The Competition and Market Authority, UK’s government body responsible for strengthening business competition, has published the provisional findings of its review of water price controls for 2020-25 set by Ofwat in December 2019, reports The Guardian. While the CMA agreed with Ofwat on many issues, it has also allowed the water companies limited additional costs.
Last December, water sector regulator Ofwat finalised its price review for 2020-2025 and asked suppliers to cut the average customer bill by £50 over the next five years. Four of England’s water companies ─ Anglian Water, Bristol Water, Northumbrian Water and Yorkshire Water ─ challenged Ofwat, saying the lower revenues could damage long-term investment in the sector, and asked the competition watchdog to redetermine Ofwat’s price controls.
The Chair of the CMA Inquiry Group, Kip Meek, said “the water companies need to be provided with more revenue to secure continued investment in the sector”, and that their “findings strike the right balance between bill reductions and the interests of current and future customers in resilient infrastructure, particularly in the face of climate change”.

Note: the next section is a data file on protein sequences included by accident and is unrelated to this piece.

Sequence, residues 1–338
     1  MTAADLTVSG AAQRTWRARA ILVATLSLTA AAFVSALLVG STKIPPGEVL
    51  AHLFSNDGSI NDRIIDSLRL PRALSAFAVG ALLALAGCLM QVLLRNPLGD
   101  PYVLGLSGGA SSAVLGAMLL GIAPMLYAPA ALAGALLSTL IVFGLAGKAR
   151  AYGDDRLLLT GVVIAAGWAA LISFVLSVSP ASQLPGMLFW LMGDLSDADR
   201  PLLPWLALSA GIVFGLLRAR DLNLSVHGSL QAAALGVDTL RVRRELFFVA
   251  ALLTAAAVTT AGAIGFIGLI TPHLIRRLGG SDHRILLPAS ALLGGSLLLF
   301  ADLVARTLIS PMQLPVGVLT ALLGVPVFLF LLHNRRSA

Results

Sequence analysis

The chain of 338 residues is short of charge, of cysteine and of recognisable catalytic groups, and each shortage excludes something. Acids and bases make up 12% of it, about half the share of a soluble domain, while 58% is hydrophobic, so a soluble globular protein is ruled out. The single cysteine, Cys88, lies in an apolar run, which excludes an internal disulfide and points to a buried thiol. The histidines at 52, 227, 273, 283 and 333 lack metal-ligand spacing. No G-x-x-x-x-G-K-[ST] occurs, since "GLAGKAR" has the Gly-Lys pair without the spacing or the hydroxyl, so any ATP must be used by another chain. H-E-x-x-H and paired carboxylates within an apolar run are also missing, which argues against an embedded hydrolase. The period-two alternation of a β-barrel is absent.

Responding to the provisional findings of the CMA, Ofwat’s CEO Rachel Fletcher said they would “look closely at their analysis before submitting further evidence to inform their final decision in December”. Ofwat intends to “make the case to the CMA to ensure customers get a good outcome, and that it is not too easy for investors to make returns in this sector.”
The consumer group Citizens Advice was disappointed that the CMA did not recommend a better deal for customers, particularly when there are many people who are struggling financially. “The profits of these monopoly companies must be balanced by a fair deal for the general public”, said their chief executive Gillian Guy.
Ofwat’s statement acknowledges their price review is “demanding, making companies more efficient, improving their performance for customers, and closing off easy returns for investors”. The regulator is not surprised four companies found the challenge uncomfortable, since Ofwat’s “final determinations demanded a step change from the sector”.